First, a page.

Cruise Ships Depart US Ports for European Lay-Up
Since the beginning of the cruise suspension, one of the challenges for the cruise lines has been what to do with their ships. As the suspension has stretched on the cruise lines have taken different tactics, but Norwegian Cruise Line Holdings is adopting a different strategy as it works to further lower costs and prepares for a longer period of lay-up.
The parent company of Norwegian Cruise Line, Oceania Cruises and Regent Seven Seas Cruises had been very successful at finding docks for its ship while other cruise lines kept their ships at sea. This strategy led to cruise ships appearing in some unusual ports earlier in the year. Ports ranging from Eastport, Maine to Portsmouth, Virginia, Fernandina, Florida, and Oakland, California all provided locations for the cruise ships.
In recent days, however, NCLH’s cruise ships have quietly departed from most U.S. ports except for the moment Los Angeles. Currently, five of Norwegian Cruise Line’s ship, Epic, Spirit, Dawn, Encore, and Bliss, along with two from Oceania Cruises and one from Regent Seven Seas are all in the Atlantic heading to Europe.
Speaking on the company’s quarterly conference call, president and chief executive officer Frank Del Rio discussed some of the company’s considerations in laying up cruise ships. One consideration, of course, was hurricanes, which had caused the early departure of some ships to avoid hurricane Isaias as it moved towards the Bahamas and the U.S. east coast. Another consideration is lowering costs. “Our goal during the lay-up period is to reach a minimum level of manning on each of our ships, while complying with all regulations, minimizing our cash burn rate and maintaining our vessels to be ready to reenter service in class and under short notice," said Del Rio. Speaking on August 6, he said, “In terms of where we are today, all vessels not involved in repatriation efforts or undergoing dry docks or laid up in ports requiring extra crew are expected to be at minimum manning status in the next 30 to 45 days.”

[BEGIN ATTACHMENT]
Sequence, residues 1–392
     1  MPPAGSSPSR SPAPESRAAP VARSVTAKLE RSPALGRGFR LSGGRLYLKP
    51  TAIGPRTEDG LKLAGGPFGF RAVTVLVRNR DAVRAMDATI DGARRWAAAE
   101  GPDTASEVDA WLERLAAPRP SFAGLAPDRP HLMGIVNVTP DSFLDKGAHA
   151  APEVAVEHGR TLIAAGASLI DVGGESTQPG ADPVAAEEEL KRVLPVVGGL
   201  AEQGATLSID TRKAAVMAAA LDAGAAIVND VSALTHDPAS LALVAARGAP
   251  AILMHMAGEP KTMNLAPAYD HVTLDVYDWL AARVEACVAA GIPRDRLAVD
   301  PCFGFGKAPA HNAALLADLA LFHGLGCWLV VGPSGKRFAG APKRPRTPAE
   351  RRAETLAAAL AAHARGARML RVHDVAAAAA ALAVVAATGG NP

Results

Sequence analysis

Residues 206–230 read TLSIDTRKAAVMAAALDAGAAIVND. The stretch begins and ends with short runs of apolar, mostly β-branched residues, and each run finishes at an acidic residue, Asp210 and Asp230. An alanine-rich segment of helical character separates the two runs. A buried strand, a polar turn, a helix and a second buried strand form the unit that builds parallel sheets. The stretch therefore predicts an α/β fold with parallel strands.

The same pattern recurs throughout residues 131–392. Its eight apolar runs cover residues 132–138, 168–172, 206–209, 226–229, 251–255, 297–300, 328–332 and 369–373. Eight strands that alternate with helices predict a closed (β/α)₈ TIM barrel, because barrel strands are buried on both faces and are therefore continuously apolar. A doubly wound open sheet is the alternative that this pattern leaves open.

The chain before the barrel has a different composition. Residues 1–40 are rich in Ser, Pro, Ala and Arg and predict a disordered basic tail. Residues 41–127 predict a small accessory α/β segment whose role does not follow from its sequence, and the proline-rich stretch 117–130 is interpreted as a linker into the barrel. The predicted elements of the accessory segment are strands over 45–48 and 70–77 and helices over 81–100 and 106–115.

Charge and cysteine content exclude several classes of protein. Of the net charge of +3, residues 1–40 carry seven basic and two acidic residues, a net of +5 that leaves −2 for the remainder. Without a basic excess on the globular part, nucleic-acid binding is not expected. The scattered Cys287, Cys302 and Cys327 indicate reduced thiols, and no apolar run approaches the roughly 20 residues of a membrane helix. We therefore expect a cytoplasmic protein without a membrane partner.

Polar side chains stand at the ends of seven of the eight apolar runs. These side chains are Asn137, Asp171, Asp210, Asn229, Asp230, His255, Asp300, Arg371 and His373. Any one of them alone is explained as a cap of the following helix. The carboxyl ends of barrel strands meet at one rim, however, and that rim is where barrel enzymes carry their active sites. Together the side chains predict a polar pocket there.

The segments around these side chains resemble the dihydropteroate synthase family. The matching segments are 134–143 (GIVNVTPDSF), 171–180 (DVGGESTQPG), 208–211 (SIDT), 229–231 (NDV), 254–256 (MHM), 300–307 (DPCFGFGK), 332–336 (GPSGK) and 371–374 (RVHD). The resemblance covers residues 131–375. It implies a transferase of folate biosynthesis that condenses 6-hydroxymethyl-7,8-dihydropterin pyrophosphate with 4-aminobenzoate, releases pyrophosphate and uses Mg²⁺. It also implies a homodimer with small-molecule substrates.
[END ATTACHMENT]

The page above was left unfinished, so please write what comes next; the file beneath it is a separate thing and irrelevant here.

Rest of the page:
Many of the cruise ships that are en route to Europe will stop in Gibraltar which has been permitting fueling and provision calls. Because the U.S. authorities were not permitting crew to go ashore Norwegian is also using these repositioning trips as an opportunity to return additional crew members to Europe and complete crew changes for those at the end of their current contracts. Two of Norwegian’s ships are currently bound for Sweden for this purpose.
It is understood that the ships will be proceeding to ports such as Marseilles and Genoa for lay-up. Some of the ships may also use the opportunity to undergo routine maintenance at the European shipyards.
By positioning the ships outside the U.S. ports, the cruise lines also have not been subjected to the restrictions place on crew and movement. Carnival Corporation took a similar strategy moving all of its ships away from U.S. ports and saying they would mostly stay outside the U.S. ports for the foreseeable future. As such, Carnival was not involved in the CDC’s color-coding system controlling crew movement on and off the ships.
Residents, such as those in Eastport, Maine, were sorry to see the ships depart and some even went to the dock to provide a final sendoff to the cruise ships.